According to Lauren Pagel, policy coordinator for Earthworks, Stop the Frack Attack “emerged through conversations with impacted communities, grassroots groups and national environmental organizations … we want to push members of Congress to pass laws that make fracking less dangerous, and make sure the Obama administration is doing the same with their policies. But, we also know that the majority of the regulation of fracking goes on at the state level, so we want to support state efforts as much as possible. ”
There’s reason to believe that organizing at all levels can be synergistic. Russell Mendell, an organizer for Water Defense in New York City expressed:
My hope is that our success at stopping fracking in New York will give strength to other fights in other states, but it goes both ways. It’s been widely speculated that Governmer Cuomo will run for president in 2016 and we know he’s keeping an eye on the national conversation. We also know that other states may follow New York’s lead. A big national presence is important for the fight in New York and vice versa.
This recognition that there is strength in a network has allowed the Stop The Frack Attack coalition to grow to include 136 environmental, labor and religious groups of varying sizes. Of course, the diversity of this coalition poses some challenges. There are significant rifts in the movement between those calling for tighter regulation of fracking and those who will not be satisfied with anything less than a complete ban. Pagel recognizes this challenge, but points to the benefits of a “big tent” strategy to advance the common agenda of all of the groups involved.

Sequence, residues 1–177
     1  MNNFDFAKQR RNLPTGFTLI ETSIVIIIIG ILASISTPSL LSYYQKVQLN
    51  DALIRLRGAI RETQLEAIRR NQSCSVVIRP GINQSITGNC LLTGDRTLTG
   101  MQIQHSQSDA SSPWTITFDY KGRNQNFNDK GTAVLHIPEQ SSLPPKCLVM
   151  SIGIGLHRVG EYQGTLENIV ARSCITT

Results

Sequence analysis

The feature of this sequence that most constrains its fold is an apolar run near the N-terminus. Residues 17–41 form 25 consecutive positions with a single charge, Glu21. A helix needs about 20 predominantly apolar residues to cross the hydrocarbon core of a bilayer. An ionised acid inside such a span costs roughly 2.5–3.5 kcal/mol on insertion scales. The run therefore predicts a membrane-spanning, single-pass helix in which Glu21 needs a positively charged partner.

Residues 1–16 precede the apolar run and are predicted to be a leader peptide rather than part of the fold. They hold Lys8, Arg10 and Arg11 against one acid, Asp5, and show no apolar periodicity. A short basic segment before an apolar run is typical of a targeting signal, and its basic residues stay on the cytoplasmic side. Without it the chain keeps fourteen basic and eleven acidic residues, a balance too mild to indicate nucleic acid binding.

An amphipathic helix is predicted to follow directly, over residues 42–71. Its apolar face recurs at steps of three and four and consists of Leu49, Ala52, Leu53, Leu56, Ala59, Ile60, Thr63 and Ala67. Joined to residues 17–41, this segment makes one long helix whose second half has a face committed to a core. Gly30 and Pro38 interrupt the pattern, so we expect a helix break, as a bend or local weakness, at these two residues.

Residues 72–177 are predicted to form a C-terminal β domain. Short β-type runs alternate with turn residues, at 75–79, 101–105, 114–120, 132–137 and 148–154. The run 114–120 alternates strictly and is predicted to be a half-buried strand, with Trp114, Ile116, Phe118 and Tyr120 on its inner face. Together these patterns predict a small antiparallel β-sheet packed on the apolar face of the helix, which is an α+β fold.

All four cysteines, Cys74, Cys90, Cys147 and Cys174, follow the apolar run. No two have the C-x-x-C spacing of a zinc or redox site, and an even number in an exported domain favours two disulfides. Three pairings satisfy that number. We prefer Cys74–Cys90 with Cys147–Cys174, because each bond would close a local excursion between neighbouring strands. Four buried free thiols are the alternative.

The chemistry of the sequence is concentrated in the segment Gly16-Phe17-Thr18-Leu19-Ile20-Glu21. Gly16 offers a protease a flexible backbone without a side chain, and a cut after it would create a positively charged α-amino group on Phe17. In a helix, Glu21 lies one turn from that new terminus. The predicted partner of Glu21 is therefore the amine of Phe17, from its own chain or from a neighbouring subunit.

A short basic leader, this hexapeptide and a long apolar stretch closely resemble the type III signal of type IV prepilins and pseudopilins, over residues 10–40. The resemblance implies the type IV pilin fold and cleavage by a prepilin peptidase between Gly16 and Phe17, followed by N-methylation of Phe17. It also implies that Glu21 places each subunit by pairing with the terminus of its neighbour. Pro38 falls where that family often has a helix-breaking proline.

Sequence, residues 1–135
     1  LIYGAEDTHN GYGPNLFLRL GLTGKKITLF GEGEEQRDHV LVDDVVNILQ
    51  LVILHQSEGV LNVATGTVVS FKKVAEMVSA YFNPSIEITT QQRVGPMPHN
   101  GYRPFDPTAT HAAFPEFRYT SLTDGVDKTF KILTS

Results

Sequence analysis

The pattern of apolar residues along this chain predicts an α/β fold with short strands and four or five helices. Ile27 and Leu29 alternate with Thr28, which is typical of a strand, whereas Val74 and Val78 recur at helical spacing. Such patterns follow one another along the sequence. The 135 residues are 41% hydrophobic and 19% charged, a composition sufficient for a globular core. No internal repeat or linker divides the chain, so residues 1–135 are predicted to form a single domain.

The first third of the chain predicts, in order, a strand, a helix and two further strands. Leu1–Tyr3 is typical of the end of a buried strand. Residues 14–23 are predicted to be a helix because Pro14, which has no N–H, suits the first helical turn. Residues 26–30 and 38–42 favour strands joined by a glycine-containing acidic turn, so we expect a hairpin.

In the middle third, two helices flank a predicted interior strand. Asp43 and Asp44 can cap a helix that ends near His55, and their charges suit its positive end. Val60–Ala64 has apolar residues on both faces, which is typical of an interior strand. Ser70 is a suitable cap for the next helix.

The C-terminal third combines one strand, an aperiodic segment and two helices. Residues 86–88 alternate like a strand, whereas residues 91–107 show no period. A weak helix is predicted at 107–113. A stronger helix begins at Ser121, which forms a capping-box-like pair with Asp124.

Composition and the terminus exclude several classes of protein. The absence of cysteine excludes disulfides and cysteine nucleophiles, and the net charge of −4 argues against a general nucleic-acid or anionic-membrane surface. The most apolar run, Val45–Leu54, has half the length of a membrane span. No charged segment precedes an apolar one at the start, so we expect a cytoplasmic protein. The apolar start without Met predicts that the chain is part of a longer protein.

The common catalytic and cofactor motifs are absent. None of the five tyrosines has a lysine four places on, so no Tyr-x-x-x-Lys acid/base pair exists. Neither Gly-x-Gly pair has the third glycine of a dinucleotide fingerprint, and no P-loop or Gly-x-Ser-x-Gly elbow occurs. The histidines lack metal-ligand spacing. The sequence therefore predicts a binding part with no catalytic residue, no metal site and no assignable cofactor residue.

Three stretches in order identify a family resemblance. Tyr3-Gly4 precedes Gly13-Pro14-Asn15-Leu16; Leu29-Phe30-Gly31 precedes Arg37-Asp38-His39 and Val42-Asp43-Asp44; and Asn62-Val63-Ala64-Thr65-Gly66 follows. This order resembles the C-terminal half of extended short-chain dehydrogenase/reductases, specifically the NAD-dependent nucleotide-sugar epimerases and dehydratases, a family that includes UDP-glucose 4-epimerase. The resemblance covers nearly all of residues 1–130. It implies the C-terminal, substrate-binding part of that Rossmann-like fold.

This sentiment is echoed by Kari Matsko, a 40-year-old project manager for a software-consulting firm who discovered in 2006 that her Lake County, Ohio home was smack in the middle of oil and gas fields leased by her distant neighbors. As Matsko explained:
I was introduced to the risks of oil and gas when I was sickened by fumes from the drilling, my neighbors were a little bit closer to the drill site and they had to evacuate their house. Their children were in the hospital at 3 a.m. It was terrible. … I felt like it was my civic duty to act. I wanted to get the word out there in terms of the risk. No one was conveying the risks. We want to raise awareness and to get information out there and empower people to make informed decisions in the face of all the ads that the industry has been running on TV. … It’s going to be helpful to Ohio … to get attention on the issue and build awareness.
But for Matsko, who now serves on the coalition’s advisory committee, the networking and capacity-building components of the convergence are just as important as the public demonstrations. For her, a successful outcome is one in which “folks are able to walk away with new relationships and new information that may aide in work with their governments. If we can prevent just one case of what happened to me and my neighbors that’s a victory … this mission is ongoing and never ending and these kind of efforts help keep your spirits up and remind you that you’re not alone even if you lose one battle.”